My phone is a pretty constant presence in my hand. I use it to check email, take pictures, share pics to Instagram, post updates on Twitter and Facebook, reference my grocery list, listen to audiobooks, text, make phone calls, look up passwords, check the weather, play Words with Friends…it basically has a function in almost every aspect of my personal, professional, social, parenting, and domestic life.
As a parent, there are very few times I feel guilty about this personal techie assistant that never leaves my side. How can I? It’s a large part of how I’m able to manage my life. Naturally there are times when my kids do not have my 100% undivided attention because I’m on my phone (or computer). When this happens—when the kids are home and mommy is working—they simply play on their own or sometimes (*gasp*) watch TV.
But I don’t feel guilty about this. There are a number of reasons why. First and foremost my kids are fine—they’re safe, they’re fed, they’re thriving, they’re learning, they’re happy. I also don’t feel it’s necessary for me to be 100% present with my children 100% of the time. I want my kids to have unstructured and unsupervised playtime, to know how to entertain themselves. Even if I am working, I’m still around to fix problems, mediate arguments, and console boo-boos. In addition, I make sure to make time for my kids. There are times I give them my undivided attention—I play with them, we read, we get our nails done, we snuggle. Plus, I figure if it weren’t for the phone, there would other distractions: books, newspapers, TV, cooking, planning, daydreaming…
If anything, technology has allowed me more flexibility in my work arrangements. If my kids get sick, guess what? I can work at home while they rest and recover. If we travel or want to take trips, I can take work with me if needed. I’ve worked on the beach, on the lake, on an airplane, at restaurants. All guilt-free.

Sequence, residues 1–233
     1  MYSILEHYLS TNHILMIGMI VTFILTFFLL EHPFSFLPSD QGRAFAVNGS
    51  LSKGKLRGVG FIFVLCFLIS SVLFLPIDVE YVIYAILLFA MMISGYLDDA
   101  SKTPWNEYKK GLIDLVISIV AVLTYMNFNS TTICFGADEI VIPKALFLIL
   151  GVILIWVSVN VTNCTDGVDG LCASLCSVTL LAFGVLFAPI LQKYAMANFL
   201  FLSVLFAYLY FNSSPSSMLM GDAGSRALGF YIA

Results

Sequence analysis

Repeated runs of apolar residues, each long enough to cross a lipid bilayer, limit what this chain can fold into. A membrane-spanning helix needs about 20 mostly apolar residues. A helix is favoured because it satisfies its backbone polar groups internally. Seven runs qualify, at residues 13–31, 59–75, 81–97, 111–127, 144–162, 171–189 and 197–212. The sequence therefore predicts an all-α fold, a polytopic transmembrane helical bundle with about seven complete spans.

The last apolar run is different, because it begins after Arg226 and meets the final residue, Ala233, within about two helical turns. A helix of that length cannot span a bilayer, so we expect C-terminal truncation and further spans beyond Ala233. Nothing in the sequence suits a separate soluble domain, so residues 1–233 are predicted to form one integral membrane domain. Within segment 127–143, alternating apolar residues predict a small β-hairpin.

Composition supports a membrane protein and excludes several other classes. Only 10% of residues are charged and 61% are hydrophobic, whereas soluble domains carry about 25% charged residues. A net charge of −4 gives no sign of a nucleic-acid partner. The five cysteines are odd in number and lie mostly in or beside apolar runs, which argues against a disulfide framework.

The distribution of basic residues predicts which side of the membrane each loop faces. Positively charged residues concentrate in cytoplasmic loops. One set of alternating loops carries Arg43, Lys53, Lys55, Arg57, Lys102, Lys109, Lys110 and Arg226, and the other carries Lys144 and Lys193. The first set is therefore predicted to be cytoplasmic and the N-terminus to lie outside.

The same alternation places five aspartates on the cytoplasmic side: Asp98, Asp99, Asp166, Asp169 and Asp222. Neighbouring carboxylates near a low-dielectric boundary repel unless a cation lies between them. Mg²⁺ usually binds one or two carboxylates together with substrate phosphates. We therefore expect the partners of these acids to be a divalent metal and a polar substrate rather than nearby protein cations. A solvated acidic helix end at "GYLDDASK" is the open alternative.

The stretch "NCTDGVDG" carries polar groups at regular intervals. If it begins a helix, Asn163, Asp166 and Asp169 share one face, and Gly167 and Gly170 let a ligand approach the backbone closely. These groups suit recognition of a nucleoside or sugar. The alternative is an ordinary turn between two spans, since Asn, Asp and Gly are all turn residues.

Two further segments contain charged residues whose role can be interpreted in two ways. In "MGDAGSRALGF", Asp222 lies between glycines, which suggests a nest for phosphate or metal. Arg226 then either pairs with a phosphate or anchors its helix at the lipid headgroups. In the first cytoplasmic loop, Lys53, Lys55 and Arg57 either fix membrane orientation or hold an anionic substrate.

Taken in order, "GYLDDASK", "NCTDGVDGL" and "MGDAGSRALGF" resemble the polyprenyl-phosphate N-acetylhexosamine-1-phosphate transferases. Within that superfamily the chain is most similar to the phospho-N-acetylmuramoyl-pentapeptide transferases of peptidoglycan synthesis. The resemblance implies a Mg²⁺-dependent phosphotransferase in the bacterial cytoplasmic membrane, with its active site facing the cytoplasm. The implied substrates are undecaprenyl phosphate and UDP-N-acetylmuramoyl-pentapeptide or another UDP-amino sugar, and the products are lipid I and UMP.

An article was published in the New York Times this week that echoes my sentiment. Although the writer admits to feeling guilt (and using his phone anyway), he writes:
This is parenting; there’s no getting around the guilt. But thanks to technology, I was managing to do a reasonably good job at work while being a fairly adequate parent. It wasn’t ideal. But it was probably far better than the alternative, which would be to ship my son off to a nanny or grandparent for the week while I spent all day plugging away at the office, not seeing him.
For me, I welcome the fact that technology is allowing me the flexibility to be a parent and have a career. I hope it models for my children that there are times to play and relax, but also times to work. I also recognize that this choice is not for everyone. Others have different values and different life circumstances. Kids have varying levels of need at different developmental stages. Others will feel different levels of guilt.
Me, though? I am okay with not feeling guilty…and with not feeling guilty about not having that guilt.